NR police chief retiring after 30 years on force

? George Kratochvil will step down Feb. 21 after 14 years as chief. Deputy Chief Anthony Garvey will take the helm.

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By BOB UPHUES

Back in 1973, working the night shift as a patrol office in North Riverside was a little like being in Mayberry.

"When you worked the midnight shift, there would be no calls," said North Riverside Police Chief George Kratochvil. "You'd get maybe one a month. It was very quiet."

Kratochvil joined the North Riverside Police Department in that year. And while working his way up the ranks in the department, the Village of North Riverside has changed dramatically. And after over 30 years on the force, Kratochvil has decided that the village needs one more change. On Feb. 21, he's taking off the badge and retiring as the village's police chief.

"North Riverside has definitely been a nice place in terms of guidance and support from the village board and mayor," Kratochvil said. "I've always been able to run the department without interference."

Deputy Chief of Police Anthony Garvey will be recommended to the village board by Mayor Richard Scheck to replace Kratochvil. The board is expected to confirm that appointment at its regularly scheduled board meeting Feb. 21. Taking Garvey's spot as deputy chief will be Lt. Tom Tauer.

"[Kratochvil's] legacy is such that he brought solidarity to the police department by blending police officers with the youth of the community," said Scheck. "He instituted the D.A.R.E. program and kept officers in tune with the youth of the community.

"He has a very commanding presence, but he's a very compassionate and gentle person."

Kratochvil grew up in Cicero and graduated from Morton East High School before attending Morton College, Aurora University and eventually Northwestern University's School of Police Staff and Command.

After serving a stint as a fire dispatcher in Northbrook, he took both the police and firefighter exams for North Riverside. He placed No. 1 on the fire exam and No. 3 on the police exam, but always knew that he wanted to be a cop.

"It was the direction I wanted to go all along," he said.

Back in 1973, when he first pinned on the badge, North Riverside was a very different place. The North Riverside Park Mall was still just a rumor. There was no Dominick's, no Frank's. The area where the Village Commons now stands was the site of the Melody Mill Ballroom.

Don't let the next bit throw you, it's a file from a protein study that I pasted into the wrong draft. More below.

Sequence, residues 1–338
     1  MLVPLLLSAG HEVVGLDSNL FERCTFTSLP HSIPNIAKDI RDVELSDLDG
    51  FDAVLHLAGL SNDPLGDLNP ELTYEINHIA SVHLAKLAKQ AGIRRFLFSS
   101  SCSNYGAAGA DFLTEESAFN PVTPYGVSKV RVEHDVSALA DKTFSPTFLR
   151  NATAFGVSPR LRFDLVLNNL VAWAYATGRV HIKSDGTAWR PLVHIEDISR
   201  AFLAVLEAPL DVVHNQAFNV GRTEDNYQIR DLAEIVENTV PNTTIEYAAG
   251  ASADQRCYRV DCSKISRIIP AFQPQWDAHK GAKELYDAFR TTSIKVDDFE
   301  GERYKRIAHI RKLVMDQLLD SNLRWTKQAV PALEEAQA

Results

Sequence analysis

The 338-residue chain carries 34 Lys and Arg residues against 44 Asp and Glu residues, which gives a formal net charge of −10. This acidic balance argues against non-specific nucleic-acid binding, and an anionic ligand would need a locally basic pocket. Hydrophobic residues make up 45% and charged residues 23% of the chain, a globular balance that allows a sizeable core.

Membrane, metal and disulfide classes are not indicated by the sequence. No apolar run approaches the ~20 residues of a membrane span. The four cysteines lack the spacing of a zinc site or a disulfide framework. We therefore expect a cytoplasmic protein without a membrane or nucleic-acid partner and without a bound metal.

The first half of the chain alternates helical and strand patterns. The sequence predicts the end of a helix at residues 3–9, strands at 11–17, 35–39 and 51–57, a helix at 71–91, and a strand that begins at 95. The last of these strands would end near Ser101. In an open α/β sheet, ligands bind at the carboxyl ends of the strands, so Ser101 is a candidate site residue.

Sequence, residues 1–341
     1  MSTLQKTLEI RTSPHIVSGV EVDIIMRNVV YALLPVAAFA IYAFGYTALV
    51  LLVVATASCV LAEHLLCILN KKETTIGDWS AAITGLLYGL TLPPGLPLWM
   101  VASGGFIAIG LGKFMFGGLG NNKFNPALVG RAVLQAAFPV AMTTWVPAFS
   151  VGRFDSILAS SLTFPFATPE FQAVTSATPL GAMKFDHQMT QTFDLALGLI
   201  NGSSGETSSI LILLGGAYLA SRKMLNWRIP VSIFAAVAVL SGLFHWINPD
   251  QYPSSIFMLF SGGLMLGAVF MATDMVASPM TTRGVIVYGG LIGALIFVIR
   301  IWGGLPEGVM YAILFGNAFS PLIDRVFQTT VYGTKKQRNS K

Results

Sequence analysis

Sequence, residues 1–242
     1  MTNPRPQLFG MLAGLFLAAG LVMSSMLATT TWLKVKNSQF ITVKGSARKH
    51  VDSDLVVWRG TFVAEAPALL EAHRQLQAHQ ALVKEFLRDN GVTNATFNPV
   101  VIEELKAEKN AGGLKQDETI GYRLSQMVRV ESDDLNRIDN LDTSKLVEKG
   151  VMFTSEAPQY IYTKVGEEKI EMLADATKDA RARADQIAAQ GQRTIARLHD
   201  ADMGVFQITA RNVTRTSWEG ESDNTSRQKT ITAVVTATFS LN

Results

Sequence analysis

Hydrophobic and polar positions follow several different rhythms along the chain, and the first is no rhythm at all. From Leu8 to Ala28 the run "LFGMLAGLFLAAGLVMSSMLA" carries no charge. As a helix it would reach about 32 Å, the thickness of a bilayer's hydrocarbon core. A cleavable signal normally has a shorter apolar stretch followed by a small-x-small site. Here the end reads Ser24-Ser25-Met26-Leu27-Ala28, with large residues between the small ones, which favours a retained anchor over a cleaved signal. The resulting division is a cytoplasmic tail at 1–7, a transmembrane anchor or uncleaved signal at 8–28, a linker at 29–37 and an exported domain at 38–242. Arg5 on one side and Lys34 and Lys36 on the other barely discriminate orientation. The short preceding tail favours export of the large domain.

"I think I was the 13th officer hired," Kratochvil said. "Now we're up to 28. Instead of dividing up the town into zones, we patrolled the entire village."

Once the mall was built, life for the North Riverside police changed dramatically. While the mall brought in tax revenue that allowed more officers, state-of-the-art equipment and technology, it also meant more crime and a faster pace.

"It's bittersweet having a shopping center," Kratochvil said. "But you enjoy the revenue it brings, and residents enjoy having the extra officers. There's more street coverage. It also gave us the opportunity to purchase a lot of the technology to perform our duty to the best of our ability."

While moonlighting as a security guard during the mall's early days, Kratochvil remembered a key conversation he had with the owner of the old Paddor's clothing store.

"I told him someday I wanted to be a sergeant," Kratochvil said. "And he said, 'Don't limit yourself.'"

In 1991, heeding that advice paid off when Scheck appointed Kratochvil as the department's chief.

"The main reason I appointed him was that he was a cop's cop," Scheck said. "He had the respect of his fellow officers.

"I'm very proud that I appointed him some 14 years ago. He's done such a tremendous job for North Riverside."

During Kratochvil's tenure, the department has modernized the telecommunications and 911 system, redesigned the squad cars and introduced such technology as in-car computers and video cameras.

Kratochvil and his wife will likely remain in their North Riverside home for the time being, he said, but will likely move closer to the couple's daughters, who live in Tennessee and Texas, in the future.

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